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What is Bitcoin?

What is Bitcoin in a nutshell

Bitcoin is a new currency that was created in 2009 by an unknown person using the alias Satoshi Nakamoto. Transactions are made with no middle men – meaning, no banks! Bitcoin can be used to book hotels on Expedia, shop for furniture on Overstock and buy Xbox games. But much of the hype is about getting rich by trading it. The price of bitcoin skyrocketed into the thousands in 2017.

Small wonder that Bitcoin emerged in 2008 just after Occupy Wall Street accused big banks of misusing borrowers’ money, duping clients, rigging the system, and charging boggling fees. Bitcoin pioneers wanted to put the seller in charge, eliminate the middleman, cancel interest fees, and make transactions transparent, to hack corruption and cut fees. They created a decentralized system, where you could control your funds and know what was going on.

 

Bitcoin has come far in a relatively short time. All over the world, companies, from REEDS Jewelers, a large jewelry chain in the US, to a private hospital in Warsaw, Poland, accept its currency. Billion dollar businesses such as Dell, Expedia, PayPal, and Microsoft do, too. Websites promote it, publications such as Bitcoin Magazine publish its news, forums discuss cryptocurrency and trade its coins. It has its application programming interface (API), price index, and exchange rate.

 

Problems include thieves hacking accounts, high volatility, and transaction delays. On the other hand, people in third world countries may find Bitcoin their most reliable channel yet for giving or receiving money.

How Bitcoin works?
Hitesh Malviya, Bitcoin Expert, itsblockchain.com explains, Bitcoins are completely virtual coins designed to be ‘self-contained’ for their value, with no need for banks to move and store the money.

Once you own bitcoins, they possess value and trade just as if they were nuggets of gold in your pocket. You can use your bitcoins to purchase goods and services online, or you can tuck them away and hope that their value increases over the year.

Why Bitcoins?

Bitcoins can be used to buy merchandise anonymously. In addition, international payments are easy and cheap because bitcoins are not tied to any country or subject to regulation. Small businesses may like them because there are no credit card fees. Some people just buy bitcoins as an investment, hoping that they’ll go up in value.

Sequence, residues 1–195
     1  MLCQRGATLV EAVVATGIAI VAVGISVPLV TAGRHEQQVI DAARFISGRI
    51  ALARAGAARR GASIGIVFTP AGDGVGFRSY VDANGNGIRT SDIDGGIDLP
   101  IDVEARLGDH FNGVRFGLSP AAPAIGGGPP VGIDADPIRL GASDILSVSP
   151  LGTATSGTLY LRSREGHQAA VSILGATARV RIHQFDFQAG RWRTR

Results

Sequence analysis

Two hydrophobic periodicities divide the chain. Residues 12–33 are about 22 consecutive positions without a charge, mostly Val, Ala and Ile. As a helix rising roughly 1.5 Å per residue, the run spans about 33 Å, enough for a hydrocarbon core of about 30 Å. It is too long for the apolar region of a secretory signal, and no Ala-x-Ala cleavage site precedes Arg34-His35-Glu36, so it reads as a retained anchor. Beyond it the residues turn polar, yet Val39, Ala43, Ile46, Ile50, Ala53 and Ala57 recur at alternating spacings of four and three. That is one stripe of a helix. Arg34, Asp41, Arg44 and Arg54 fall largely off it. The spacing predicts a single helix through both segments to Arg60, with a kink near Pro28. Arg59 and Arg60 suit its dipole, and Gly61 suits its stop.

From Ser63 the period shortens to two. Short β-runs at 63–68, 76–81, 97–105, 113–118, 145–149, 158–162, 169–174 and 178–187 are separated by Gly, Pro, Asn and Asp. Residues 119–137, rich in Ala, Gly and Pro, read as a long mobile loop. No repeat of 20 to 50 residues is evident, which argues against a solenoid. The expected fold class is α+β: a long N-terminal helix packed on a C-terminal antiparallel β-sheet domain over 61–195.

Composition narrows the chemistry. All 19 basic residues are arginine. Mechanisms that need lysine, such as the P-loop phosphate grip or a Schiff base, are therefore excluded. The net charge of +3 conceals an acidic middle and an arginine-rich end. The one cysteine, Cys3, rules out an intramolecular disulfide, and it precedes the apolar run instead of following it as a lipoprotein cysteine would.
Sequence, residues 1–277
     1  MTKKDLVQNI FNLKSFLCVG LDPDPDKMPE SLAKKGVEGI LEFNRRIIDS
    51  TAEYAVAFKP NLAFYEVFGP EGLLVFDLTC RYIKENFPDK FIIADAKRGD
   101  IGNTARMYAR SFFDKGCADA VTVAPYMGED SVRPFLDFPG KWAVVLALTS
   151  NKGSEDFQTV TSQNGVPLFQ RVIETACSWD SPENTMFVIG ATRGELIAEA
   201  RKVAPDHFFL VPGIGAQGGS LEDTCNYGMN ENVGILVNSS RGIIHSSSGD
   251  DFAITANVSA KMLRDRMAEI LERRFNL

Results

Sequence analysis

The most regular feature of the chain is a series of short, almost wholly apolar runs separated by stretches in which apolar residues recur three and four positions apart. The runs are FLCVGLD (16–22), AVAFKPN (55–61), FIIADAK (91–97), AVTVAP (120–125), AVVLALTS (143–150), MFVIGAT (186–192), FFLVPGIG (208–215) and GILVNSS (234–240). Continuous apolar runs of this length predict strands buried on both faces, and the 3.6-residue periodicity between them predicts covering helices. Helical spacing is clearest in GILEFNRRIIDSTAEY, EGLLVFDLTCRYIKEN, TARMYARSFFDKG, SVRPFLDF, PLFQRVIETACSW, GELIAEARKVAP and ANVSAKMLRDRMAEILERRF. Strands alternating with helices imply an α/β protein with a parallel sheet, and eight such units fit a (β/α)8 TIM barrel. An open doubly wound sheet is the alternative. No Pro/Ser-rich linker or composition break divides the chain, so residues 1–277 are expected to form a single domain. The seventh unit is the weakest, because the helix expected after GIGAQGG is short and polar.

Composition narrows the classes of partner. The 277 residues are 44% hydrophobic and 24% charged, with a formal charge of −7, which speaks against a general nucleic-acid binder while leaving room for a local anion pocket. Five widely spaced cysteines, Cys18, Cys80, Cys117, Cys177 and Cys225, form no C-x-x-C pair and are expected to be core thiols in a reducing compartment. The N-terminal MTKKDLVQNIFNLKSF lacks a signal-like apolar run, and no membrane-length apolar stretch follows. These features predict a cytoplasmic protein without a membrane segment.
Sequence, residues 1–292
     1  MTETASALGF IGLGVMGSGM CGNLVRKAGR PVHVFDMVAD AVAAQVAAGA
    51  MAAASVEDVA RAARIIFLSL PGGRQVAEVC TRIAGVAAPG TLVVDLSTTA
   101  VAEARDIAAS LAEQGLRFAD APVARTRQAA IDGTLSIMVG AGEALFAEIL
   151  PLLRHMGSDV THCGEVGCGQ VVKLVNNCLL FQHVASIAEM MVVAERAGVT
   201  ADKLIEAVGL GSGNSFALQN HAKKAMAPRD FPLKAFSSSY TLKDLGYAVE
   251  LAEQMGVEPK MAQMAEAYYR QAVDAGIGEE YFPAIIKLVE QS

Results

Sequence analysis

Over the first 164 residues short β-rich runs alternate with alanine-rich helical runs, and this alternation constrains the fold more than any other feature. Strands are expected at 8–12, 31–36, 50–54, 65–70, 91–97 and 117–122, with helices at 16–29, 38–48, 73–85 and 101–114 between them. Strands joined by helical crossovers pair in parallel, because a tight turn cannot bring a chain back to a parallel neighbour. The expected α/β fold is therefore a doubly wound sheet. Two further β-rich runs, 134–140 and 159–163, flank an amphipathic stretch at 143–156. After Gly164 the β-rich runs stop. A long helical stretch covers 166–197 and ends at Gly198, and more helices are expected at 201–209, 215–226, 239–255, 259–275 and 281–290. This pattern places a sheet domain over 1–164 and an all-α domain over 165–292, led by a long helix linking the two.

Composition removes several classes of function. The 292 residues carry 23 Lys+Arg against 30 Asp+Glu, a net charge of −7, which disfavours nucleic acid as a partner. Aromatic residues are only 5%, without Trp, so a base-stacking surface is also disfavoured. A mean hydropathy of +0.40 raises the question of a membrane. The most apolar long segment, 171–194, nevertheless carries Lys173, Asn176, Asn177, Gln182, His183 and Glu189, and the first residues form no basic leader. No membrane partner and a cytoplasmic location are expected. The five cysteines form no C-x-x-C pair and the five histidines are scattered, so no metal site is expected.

Acquiring Bitcoins

Buy on an Exchange
Many marketplaces called “bitcoin exchanges” allow people to buy or sell bitcoins using different currencies. Coinbase is a leading exchange, along with Bitstamp and Bitfinex. But security can be a concern: bitcoins worth tens of millions of dollars were stolen from Bitfinex when it was hacked in 2016.

Transfers
People can send bitcoins to each other using mobile apps or their computers. It’s similar to sending cash digitally.

Mining
People compete to “mine” bitcoins using computers to solve complex math puzzles. This is how bitcoins are created. Currently, a winner is rewarded with 12.5 bitcoins roughly every 10 minutes.

Owning Bitcoins

Bitcoins are stored in a “digital wallet,” which exists either in the cloud or on a user’s computer. The wallet is a kind of virtual bank account that allows users to send or receive bitcoins, pay for goods or save their money. Unlike bank accounts, bitcoin wallets are not insured by the FDIC.

Wallet in cloud: Servers have been hacked. Companies have fled with clients’ Bitcoins.

Wallet on computer: You can accidentally delete them. Viruses could destroy them.

Anonymity

Though each bitcoin transaction is recorded in a public log, names of buyers and sellers are never revealed – only their wallet IDs. While that keeps bitcoin users’ transactions private, it also lets them buy or sell anything without easily tracing it back to them. That’s why it has become the currency of choice for people online buying drugs or other illicit activities.

Future in question

No one knows what will become of bitcoin. It is mostly unregulated, but some countries like Japan, China and Australia have begun weighing regulations. Governments are concerned about taxation and their lack of control over the currency.

post By: Tal Yellin, Dominic Aratari, Jose Pagliery / CNNMoney
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